When an adult commits an offense, they are tried as adults. Minors are often tried with differing expectations and criteria, because they are minors. However, this is not always the case. If a minor, or a person younger than your state's “age of majority,” commits a more serious or adult offense, how should they stand trial?
The differences between the juvenile and adult criminal justice systems depend upon the salient fact that youths are still developing — and, according to this PBS resource, that “their behavior is malleable.” Unfortunately, there exist certain exceptionally severe crimes that merit consequences beyond those typically administered in juvenile justice systems.
In these cases — for example, in juvenile murder trials — the perpetrator may face punitive measures unusual for their age bracket.
A 13-Year-Old Murderer: Juvenile or Adult Justice?
In one Pennsylvania county, a 13-year-old boy faced charges for the death of his own younger brother. The culprit used a loaded gun from his family home to commit the act. According to local news, the 13-year-old thought he and his brother were playing a game. Heartbreakingly, the same source notes that the young criminal placed the 911 call that drew attention to his offense.
Even though the 13-year-old is a minor under Pennsylvania law, the boy's actions may qualify him as an adult for these proceedings. Since the crime was severe, he may face adult charges of criminal homicide. This is a very general charge which could carry with it any of several potential consequences.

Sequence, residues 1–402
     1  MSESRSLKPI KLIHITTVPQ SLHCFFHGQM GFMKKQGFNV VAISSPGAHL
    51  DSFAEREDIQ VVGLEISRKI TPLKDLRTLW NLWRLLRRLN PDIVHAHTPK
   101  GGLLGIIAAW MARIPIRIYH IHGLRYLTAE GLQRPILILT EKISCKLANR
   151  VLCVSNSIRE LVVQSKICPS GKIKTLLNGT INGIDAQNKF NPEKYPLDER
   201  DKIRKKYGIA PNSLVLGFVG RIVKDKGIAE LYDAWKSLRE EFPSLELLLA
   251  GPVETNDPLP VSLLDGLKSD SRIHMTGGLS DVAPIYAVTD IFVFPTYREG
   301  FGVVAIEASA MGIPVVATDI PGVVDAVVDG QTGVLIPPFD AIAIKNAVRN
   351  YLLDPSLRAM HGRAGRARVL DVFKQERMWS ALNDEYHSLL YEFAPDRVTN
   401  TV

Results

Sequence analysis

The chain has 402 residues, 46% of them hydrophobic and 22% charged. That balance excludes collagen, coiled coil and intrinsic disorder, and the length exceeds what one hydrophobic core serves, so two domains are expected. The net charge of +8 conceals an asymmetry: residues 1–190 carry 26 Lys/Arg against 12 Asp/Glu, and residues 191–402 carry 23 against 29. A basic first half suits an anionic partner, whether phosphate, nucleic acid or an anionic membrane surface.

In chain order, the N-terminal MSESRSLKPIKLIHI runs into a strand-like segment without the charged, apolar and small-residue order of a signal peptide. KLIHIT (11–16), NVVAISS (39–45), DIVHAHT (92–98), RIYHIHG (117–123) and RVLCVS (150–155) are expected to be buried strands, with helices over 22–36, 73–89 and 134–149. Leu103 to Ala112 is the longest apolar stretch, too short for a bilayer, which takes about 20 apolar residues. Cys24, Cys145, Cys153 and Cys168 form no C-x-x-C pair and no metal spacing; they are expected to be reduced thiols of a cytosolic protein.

Pennsylvania law allows for anyone over the age of 18 who commits murder to be imprisoned for life. Less serious charges, such as involuntary manslaughter or third-degree murder, generally result in 10-20 year sentences. Since the young perpetrator in this case was 13, but may face adult charges, what will happen to him?
What Does Precedent Say?
In one similar Pennsylvania case, a teenage boy shot a friend to death. The perpetrator was 15 at the time. After an initial adult charge of criminal homicide and a diagnostic evaluation, the boy's case transferred to juvenile court. At the time of transfer, the court sealed the boy's case.
It is possible that, in this new teenage shooting case, the 13-year-old's defense lawyer will argue that the boy should serve his sentence in a juvenile detention facility. This may result in a reduced sentence and a sealed record. In nuanced cases like these, working with a good defense lawyer can make all the difference in terms of outcome.
If you stand accused of a crime and are wondering what will happen, how courts may charge you, and if there is anything you can do to alleviate potential consequences, talk to an experienced defense lawyer. You may be able to work towards a more favorable outcome. For more information, call attorney Joseph D. Lento and the Lento Law Firm right away at 888-535-3686. We can help you protect your rights.
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